But there is something in part one that is even more amazing. Marcel describes life in his family, specifically one aspect of his relationship with his mother. He lives for her goodnight kisses but his father thinks he is too old for such nonsense and tells him so. (Marcel is nine at this time.) Marcel describes his anguish when his mother, because she is busy entertaining guests, cannot kiss him goodnight. His loneliness and loss are cringe inducing. He describes his need for his mother's affection like a grown man lamenting an unrequited love. Such fearlessness in putting these things on the page. I have to respect Proust for the courage to tell the truth so candidly.
I am now 70 pages into the book, reading 10 pages a day. I am going slow because the prose asks me to. The paragraphs are long and dense. I find myself fuzzing out at times, reaching the bottom of a page and realizing that I did not take in any of it, so I go back to the top and try again. A very eerie thing, to realize one's eyes have tracked over a page of words, but one has not absorbed any of the meaning of the words. Proust describes this very thing at one point in the text: "...in those days, when I read, I often daydreamed, during entire pages, of something quite different.." (p. 44) It made me laugh. It was as though he was telling me "I know how it is reading about foreign people and customs. But stick with me. It'll be worth it." I suspect he's right.
29 November 2007
Yesterday’s New York Times Crossword had the following clue for 46 down: “Subject of the 1999 film ‘Le Temps Retrouvé,’” which is the title of the final volume of A la recherche du temps perdu. So the answer to the clue, of course, is Proust. Seeing that clue in the crossword was like a sign from Will Shortz that my Proust project has been blessed by the stars. Thanks Will.
Here’s something I noticed about the first section of volume 1: Proust takes no pains, initially, to put me in a real place or connect me with a real person. The narrator is more or less anonymous and the location of his musings is unclear. It feels like Proust is purposely withholding the anchors most of us need to be able to understand where we are. He’s recreating in prose the sensations of being lost in a hypnagogic state. This violates the rules of popular fiction and goes against what most writing teachers tell you to do: Identify your protagonist as soon as possible and place him or her in a real place as soon as possible. It’s actually quite refreshing to be at the mercy of Proust, to let him give what he wants, when he wants to give it. It feels liberating to fall under his spell.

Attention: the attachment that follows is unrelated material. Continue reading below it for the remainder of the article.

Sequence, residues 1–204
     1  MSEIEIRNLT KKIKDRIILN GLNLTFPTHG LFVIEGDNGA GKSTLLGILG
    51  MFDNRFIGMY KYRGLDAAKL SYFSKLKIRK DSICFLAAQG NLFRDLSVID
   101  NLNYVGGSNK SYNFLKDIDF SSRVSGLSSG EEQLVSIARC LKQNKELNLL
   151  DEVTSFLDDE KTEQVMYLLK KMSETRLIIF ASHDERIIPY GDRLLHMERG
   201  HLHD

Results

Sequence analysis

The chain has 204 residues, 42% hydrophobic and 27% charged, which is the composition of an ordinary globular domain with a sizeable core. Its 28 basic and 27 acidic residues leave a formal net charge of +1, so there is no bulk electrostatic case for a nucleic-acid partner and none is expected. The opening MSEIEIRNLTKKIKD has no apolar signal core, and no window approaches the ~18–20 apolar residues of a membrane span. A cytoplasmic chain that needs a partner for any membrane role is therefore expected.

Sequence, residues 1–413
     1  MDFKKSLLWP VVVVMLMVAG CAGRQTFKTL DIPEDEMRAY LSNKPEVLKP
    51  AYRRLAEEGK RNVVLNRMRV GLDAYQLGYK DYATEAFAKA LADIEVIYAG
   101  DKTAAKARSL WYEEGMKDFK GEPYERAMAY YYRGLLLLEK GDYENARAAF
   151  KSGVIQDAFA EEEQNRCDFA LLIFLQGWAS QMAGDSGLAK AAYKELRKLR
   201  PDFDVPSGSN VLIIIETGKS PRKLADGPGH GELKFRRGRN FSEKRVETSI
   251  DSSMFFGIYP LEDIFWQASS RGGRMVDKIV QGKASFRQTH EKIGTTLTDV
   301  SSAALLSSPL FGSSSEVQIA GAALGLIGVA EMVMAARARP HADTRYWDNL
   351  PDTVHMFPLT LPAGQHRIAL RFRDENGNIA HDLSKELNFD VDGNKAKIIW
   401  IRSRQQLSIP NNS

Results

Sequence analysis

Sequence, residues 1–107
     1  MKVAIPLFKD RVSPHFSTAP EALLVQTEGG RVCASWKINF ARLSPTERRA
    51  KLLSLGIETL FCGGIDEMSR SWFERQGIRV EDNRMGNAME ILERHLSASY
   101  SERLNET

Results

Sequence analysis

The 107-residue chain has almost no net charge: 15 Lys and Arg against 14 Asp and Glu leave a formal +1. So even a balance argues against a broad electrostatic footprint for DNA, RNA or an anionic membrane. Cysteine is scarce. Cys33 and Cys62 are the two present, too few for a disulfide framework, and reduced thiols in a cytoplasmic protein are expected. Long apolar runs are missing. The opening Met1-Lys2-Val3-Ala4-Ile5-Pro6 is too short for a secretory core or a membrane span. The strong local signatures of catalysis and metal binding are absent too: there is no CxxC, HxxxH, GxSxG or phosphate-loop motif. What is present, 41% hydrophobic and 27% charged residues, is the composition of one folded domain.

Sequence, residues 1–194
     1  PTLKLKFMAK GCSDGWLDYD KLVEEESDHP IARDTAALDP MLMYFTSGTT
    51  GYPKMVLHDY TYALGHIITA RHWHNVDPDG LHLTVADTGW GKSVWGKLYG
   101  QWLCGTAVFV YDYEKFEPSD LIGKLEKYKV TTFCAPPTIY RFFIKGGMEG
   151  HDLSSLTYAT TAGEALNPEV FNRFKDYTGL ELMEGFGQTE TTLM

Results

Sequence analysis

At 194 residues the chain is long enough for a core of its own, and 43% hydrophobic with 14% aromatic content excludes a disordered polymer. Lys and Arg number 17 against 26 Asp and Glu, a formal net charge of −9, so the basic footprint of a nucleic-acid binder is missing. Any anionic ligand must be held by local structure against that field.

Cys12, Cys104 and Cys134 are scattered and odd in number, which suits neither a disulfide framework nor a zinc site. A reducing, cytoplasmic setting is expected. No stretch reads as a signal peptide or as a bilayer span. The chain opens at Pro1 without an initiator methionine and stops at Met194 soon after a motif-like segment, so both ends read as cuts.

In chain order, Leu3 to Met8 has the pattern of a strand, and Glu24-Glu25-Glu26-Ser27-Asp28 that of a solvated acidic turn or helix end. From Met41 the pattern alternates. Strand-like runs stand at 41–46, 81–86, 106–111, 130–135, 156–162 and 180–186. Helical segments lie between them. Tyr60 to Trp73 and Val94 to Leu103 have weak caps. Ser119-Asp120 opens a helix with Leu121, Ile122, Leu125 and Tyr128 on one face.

Eventually, we begin to discern what is going on. The narrator is older, perhaps very elderly, and he is thinking back on his childhood. He remembers some things vividly. His mother kissing him goodnight, and his father’s impatience with that particular ritual. His father made it clear that he wished the maternal kisses would end because it was so absurd. And then the narrator tells how his mother grew impatient with the good night kisses herself, in response to her husband’s opinion. You get the feeling of the narrator trying to cling to something long past; not just youth, but the comfort of those around him that appreciated his youth and innocence. But then, even that comfort evaporated. He had to grow up, and his parents were ready for him to grow up.
28 November 2007
Most nights I read in bed, usually for an hour or so before going to sleep. Last night I picked up The Way by Swann’s, the first volume in Penguin’s recent edition of In Search of Lost Time. Well, there’s the protagonist of the book (Is it Proust himself or someone else? I don’t know yet.) reading in bed. It was an amusing juxtaposition of art and real life. I immediately warmed to the book and settled into it with pleasure.
The beginning of this book is as compelling a description of the hypnagogic state as I have ever seen. Proust evokes that sensation of waking up not knowing where you are, imagining that you are in your childhood bed, say, or that you know you are facing the north wall when in fact you are facing the south wall. All very evocative and spot on with its disconcerting sensations.